Short Term Memory Loss – Is it just one of those things?

November 12, 2012

Short Term Memory Loss – Is it just one of those things?

Short term memory loss can occur at anytime and as we get older it can be a natural progression into old age, as long as it doesn’t happen too often. The term actually means that you can’t remember things over a short term. This can leave people confused and anxious because they can remember school days yet cannot remember last week or last month. If it is only part of the aging process then serious long term brain damage does not occur, however if someone does have their brain damaged then the short term memory loss can be permanent. The brain damage can be caused by illness, alcohol, accident or some medications.

If the short term memory loss is permanent then the individual cannot make new memories and become trapped in one time frame. Known as ‘severe anterograde amnesia’ this normally occurs if the episodic region of the brain is damaged, This area is physically in the hippocampus or medial temporal lobes and the cause could be varied from a virus, Alzheimer’s disease or physical injury.

There are cases of people with this type of short term memory loss who awaken every day unaware that they have amnesia. They must relearn and understand on a daily basis that they have this problem. It leaves them in a time somewhere before now and they cannot remember anything since. However everything that was learned before that time is still there. So if someone learned to ride a bike, swim or play a musical instrument then all those skills remain. However if learning to drive a car happened after the episode then that skill is lost. This indicates to neurological experts that the different areas of the brain function in a very modular and separate fashion.

For most people though the effects of short term memory loss are far milder. Usually it is when we forget where we put the car keys, or mislay our spectacles or even forgetting an obvious thing like forgetting what we were going to say mid sentence. If you are in this category then do not worry because there are many reasons for this everyday thoughtlessness.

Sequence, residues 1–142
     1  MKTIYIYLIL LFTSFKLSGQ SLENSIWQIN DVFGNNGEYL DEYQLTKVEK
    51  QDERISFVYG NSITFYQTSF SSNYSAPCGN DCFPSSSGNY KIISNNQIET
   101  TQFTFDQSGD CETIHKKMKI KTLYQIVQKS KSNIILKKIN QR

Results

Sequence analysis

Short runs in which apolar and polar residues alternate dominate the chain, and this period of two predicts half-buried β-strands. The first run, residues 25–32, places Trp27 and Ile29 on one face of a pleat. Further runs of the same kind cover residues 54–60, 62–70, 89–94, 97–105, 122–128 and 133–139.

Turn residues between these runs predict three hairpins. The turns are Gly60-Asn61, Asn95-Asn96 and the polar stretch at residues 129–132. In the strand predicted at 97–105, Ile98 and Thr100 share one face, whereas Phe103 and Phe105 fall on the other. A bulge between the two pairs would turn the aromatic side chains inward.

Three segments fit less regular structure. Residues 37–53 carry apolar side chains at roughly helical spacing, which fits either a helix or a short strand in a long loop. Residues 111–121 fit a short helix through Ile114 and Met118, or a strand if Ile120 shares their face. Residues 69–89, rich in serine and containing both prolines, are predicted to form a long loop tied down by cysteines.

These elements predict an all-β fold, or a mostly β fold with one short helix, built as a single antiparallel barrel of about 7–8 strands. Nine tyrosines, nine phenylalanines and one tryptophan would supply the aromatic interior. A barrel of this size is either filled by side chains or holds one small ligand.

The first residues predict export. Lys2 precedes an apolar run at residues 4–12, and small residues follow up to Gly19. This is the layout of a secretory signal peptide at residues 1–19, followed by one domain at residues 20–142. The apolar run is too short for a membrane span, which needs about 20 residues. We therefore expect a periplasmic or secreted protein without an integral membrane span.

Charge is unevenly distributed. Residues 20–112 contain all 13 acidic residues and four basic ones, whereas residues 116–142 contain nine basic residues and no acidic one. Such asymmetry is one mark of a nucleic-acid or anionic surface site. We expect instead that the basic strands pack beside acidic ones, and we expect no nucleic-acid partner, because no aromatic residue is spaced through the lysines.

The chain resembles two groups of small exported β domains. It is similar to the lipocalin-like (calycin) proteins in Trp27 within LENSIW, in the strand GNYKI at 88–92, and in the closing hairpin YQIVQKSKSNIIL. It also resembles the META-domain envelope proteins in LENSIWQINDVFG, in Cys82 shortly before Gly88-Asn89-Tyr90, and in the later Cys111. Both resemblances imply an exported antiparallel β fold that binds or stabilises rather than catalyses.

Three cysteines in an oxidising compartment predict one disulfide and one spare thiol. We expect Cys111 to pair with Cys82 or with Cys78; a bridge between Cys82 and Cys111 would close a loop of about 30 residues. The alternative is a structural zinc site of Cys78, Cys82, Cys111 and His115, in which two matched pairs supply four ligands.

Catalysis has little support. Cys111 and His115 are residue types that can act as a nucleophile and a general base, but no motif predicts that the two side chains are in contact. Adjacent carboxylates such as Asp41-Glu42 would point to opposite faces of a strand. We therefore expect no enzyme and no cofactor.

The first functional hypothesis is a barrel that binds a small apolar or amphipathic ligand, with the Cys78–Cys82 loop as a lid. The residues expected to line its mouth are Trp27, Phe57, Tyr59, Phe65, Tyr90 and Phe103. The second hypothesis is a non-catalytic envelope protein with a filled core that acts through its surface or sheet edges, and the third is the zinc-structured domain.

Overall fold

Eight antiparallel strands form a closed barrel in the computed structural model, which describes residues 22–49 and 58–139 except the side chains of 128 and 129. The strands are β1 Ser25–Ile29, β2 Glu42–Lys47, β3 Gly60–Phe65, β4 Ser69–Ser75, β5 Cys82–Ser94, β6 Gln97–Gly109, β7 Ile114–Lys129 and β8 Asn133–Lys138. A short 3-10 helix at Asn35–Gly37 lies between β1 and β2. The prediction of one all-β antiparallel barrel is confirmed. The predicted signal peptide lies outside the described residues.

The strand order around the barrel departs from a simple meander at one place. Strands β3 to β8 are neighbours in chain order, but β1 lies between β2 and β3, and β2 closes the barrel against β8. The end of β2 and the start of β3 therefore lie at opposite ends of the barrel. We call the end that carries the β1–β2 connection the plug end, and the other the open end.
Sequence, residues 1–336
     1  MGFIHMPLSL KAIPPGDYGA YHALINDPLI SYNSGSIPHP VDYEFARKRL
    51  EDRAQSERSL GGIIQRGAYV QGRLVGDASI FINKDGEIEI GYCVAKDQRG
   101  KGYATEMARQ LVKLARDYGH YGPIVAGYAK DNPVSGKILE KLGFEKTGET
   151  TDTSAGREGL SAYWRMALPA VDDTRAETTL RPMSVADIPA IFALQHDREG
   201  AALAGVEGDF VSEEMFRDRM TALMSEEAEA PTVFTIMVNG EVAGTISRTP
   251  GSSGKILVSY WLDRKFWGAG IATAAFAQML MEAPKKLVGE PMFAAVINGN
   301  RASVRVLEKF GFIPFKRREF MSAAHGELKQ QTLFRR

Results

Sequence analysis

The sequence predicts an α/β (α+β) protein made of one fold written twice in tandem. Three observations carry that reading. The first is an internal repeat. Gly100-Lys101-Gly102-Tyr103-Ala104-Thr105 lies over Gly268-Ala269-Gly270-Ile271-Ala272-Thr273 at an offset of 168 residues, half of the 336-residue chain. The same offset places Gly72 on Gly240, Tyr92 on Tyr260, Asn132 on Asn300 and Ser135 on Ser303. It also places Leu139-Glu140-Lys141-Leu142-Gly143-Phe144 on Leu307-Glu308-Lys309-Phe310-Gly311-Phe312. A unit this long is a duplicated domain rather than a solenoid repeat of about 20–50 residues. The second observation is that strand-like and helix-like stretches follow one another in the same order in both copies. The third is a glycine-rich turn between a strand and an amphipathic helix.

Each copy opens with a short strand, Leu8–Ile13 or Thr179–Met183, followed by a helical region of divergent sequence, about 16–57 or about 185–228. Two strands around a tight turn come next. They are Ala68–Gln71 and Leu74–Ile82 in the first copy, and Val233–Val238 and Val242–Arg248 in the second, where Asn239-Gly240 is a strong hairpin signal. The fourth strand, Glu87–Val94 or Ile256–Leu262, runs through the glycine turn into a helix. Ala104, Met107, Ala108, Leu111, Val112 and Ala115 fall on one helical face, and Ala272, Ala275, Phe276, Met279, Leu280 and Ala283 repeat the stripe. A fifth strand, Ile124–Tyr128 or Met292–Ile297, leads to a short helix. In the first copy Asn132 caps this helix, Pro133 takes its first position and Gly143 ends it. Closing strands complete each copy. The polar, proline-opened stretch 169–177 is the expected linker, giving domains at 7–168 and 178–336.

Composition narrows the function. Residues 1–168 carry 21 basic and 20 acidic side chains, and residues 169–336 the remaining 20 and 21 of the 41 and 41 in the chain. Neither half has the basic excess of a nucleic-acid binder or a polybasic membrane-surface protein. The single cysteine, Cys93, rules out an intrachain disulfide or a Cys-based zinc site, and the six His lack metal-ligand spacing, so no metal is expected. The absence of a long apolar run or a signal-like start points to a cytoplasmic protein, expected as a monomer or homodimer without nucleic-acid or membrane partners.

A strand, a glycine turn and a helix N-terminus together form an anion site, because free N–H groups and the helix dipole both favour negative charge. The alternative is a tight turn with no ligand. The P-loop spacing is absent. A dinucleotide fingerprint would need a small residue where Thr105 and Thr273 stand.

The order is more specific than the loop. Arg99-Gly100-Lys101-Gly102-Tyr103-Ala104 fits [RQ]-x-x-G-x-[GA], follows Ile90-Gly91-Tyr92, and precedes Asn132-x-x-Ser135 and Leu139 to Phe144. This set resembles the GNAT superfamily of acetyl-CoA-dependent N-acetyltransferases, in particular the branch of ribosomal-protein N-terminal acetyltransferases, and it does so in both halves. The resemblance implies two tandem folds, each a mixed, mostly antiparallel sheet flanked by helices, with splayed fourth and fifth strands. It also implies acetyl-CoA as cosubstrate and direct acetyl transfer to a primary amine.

Stress in today’s modern world affects us all differently and one common symptom is short term memory loss. The stress hormone is a commonly used name for cortisol which is produced, along with adrenaline, during a situation our body finds stressful. However recent research has identified a link between being exposed to too much cortisol and a form of dementia known as mid life memory impairment. This is as good a reason to learn stress management techniques. Start now before you forget!

Some people also class forgetfulness as memory loss. They are not the same. We can easily forget something because we are distracted; our brain is being overpowered by external stimuli. That is not the same as forgetting what happened last month. Forgetting things, as long as you do not do it frequently is just normal behavior. Aging is normal too. Just as the 100 meter sprint is out of the question nowadays then the brain has had better days too. Yet as we age, researchers have found that while the area of the brain which deals with intelligence and knowledge improves there is another area which relates to things like mathematics which declines. But additional research has seen that if you work your brain then it will stay healthier and have less chance of memory loss. And smoking, drinking and a poor diet will all contribute to the brain and body’s decline.

There is actually a form of dementia, known as Korsakoff’s syndrome, which is caused by excessive alcohol consumption. This is different to the normal forgetfulness induced by have one too many.

Alzheimer’s disease and dementia are two conditions where cognitive decline is apparent and both of these are usually age related, although there have been a few isolated cases of younger adults getting affected. Accidental damage to the brain can leave the individual with many different types of memory loss and whether it is permanent or temporary depends on the injury.

As medicine progresses there is now a greater range of medications developed to help us with the aging process. However there are other drugs being used for very serious medical conditions such as chemotherapy which we know does cause memory loss as a side effect.

Perhaps we should all remember that as we age things change, not always for the better. And one of these changes is that as we age the brain just does not commit so much to memory as it did all those years ago.

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